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HISTORICAL DOCUMENTS

[756]

ARTICLES OF CONFEDERATION

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HISTORICAL BACKGROUND While the Declaration of Independence was under consideration in the Continental Congress, and before it was finally agreed upon, measures were taken for the establishment of a constitutional form of government; and on the 11th of June, 1776, it was “Resolved, That a committee be appointed to prepare and digest the form of a confederation to be entered into between these Colonies”; which committee was appointed the next day, June 12, and consisted of a member from each Colony, namely: Mr. Bartlett, Mr. S. Adams, Mr. Hopkins, Mr. Sherman, Mr. R. R. Livingston, Mr. Dickinson, Mr. McKean, Mr. Stone, Mr. Nelson, Mr. Hewes, Mr. E. Rutledge, and Mr. Gwinnett. On the 12th of July, 1776, the committee reported a draft of the Articles of Confederation, which was printed for the use of the members under the strictest injunctions of secrecy.

This report underwent a thorough discussion in Congress, from time to time, until the 15th of November, 1777; on which day, “Articles of Confederation and Perpetual Union” were finally agreed to in form, and they were directed to be proposed to the legislatures of all the United States, and if approved by them, they were advised to authorize their delegates to ratify the same in the Congress of the United States; and in that event they were to become conclusive. On the 17th of November, 1777, the Congress agreed upon the form of a circular letter to accompany the Articles of Confederation, which concluded with a recommendation to each of the several legislatures “to invest its delegates with competent powers, ultimately, and in the name and behalf of the State, to subscribe articles of confederation and perpetual union of the United States, and to attend Congress for that purpose on or before the 10th day of March next.” This letter was signed by the President of Congress and sent, with a copy of the articles, to each State legislature.

On the 26th of June, 1778, Congress agreed upon the form of a ratification of the Articles of Confederation, and directed a copy of the articles and the ratification to be engrossed on parchment; which, on the 9th of July, 1778, having been examined and the blanks filled, was signed by the delegates of New Hampshire, Massachusetts Bay, Rhode Island and Providence Plantations, Connecticut, New York, Pennsylvania, Virginia, and South Carolina. Congress then directed that a circular letter be addressed to the States whose delegates were not present, or being present, conceived they were not authorized to sign the ratification, informing them how many and what States had ratified the Articles of Confederation, and desiring them, with all convenient dispatch, to authorize their delegates to ratify the same. Of these States, North Carolina ratified on the 21st and Georgia on the 24th of July, 1778; New Jersey on the 26th of November following; Delaware on the 5th of May, 1779; Maryland on the 1st of March, 1781; and on the 2d of March, 1781, Congress assembled under the new form of government.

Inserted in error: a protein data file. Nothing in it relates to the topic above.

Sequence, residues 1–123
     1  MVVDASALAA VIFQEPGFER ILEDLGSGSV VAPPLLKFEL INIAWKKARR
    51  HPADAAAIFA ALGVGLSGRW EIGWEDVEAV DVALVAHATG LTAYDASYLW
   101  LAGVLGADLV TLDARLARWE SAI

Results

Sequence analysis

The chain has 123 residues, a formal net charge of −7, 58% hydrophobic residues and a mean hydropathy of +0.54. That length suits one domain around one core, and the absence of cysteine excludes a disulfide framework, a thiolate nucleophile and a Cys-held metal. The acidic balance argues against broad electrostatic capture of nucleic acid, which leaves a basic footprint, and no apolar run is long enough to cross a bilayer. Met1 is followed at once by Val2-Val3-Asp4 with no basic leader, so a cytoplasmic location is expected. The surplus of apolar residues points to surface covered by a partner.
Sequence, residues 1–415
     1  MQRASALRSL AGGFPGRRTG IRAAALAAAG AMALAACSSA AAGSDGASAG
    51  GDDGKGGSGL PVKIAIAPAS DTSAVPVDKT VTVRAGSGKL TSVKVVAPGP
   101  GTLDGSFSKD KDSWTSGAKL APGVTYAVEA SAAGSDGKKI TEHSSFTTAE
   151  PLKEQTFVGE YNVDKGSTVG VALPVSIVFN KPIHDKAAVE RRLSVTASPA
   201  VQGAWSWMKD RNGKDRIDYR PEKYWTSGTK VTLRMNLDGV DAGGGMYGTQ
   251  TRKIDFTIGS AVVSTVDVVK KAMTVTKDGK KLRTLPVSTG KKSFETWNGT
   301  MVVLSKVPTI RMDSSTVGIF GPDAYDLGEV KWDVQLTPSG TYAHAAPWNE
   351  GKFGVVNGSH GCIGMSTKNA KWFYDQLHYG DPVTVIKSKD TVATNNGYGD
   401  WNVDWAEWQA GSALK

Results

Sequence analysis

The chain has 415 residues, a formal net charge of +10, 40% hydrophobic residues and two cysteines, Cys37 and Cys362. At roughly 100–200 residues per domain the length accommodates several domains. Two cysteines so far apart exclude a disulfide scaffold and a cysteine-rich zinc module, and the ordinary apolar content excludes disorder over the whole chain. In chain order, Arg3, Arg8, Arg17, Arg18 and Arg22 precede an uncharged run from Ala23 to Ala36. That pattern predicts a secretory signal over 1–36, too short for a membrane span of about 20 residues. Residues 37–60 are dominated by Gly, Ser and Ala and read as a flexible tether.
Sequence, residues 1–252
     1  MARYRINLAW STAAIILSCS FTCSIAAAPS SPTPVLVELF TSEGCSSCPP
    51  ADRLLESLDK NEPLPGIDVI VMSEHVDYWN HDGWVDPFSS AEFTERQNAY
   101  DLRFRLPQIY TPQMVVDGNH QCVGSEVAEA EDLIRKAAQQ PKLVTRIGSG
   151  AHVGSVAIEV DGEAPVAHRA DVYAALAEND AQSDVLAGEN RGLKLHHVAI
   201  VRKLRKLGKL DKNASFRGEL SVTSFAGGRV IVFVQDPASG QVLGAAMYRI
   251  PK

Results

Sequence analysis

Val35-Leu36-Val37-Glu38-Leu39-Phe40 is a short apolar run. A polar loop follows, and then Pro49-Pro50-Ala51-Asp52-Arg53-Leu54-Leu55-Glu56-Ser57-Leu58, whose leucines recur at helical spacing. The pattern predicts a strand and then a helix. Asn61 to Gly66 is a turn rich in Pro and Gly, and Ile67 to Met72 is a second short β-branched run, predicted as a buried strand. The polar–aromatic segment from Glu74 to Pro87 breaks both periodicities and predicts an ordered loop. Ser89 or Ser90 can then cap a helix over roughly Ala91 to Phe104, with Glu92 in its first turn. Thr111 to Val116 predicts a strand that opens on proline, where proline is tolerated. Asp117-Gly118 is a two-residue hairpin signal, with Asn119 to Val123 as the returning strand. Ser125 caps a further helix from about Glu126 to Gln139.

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756.1 ACT OF CONFEDERATION OF THE UNITED STATES OF AMERICA

TO ALL TO WHOM THESE PRESENTS SHALL COME, WE THE

UNDERSIGNED DELEGATES OF THE STATES AFFIXED TO OUR
NAMES, SEND GREETINGS

Whereas the Delegates of the United States of America in Congress assembled did on the 15th day of November in the Year of our Lord One Thousand Seven Hundred and Seventy seven, and in the Second Year of the Independence of America agree to certain articles of Confederation and perpetual Union between the states of Newhampshire, Massachusetts-bay, Rhodeisland and Providence Plantations, Connecticut, New York, New Jersey, Pennsylvania, Delaware, Maryland, Virginia, North Carolina, South Carolina and Georgia in the Words following, viz. “ARTICLES OF CONFEDERATION AND PERPETUAL UNION BE

TWEEN THE STATES OF NEWHAMPSHIRE, MASSACHUSETTS-
BAY, RHODEISLAND AND PROVIDENCE PLANTATIONS, CON-
NECTICUT, NEW YORK, NEW JERSEY, PENNSYLVANIA, DELA-
WARE, MARYLAND, VIRGINIA, NORTH CAROLINA, SOUTH
CAROLINA AND GEORGIA

756.2

756.3

ARTICLE 1. The Stile of this confederacy shall be "The United States of America."

ARTICLE 11. Each State retains its Sovereignty, freedom and independence, and every Power, Jurisdiction and right, which is not by this confederation expressly delegated to the United States in Congress assembled.

ARTICLE II. The said states hereby severally enter into a firm league of friendship with each other, for their

756.4

1 Adopted by the Continental Congress on November 15, 1777, while meeting at York, Pennsylvania, which served as the site of the National Capital from September 30, 1777, to June 27, 1778. Ratification of the Articles by the respective delegates commenced on July 9, 1778, in Philadelphia, Pennsylvania, but was not completed until March 1, 1781, when the Articles were signed by the delegates from Maryland.

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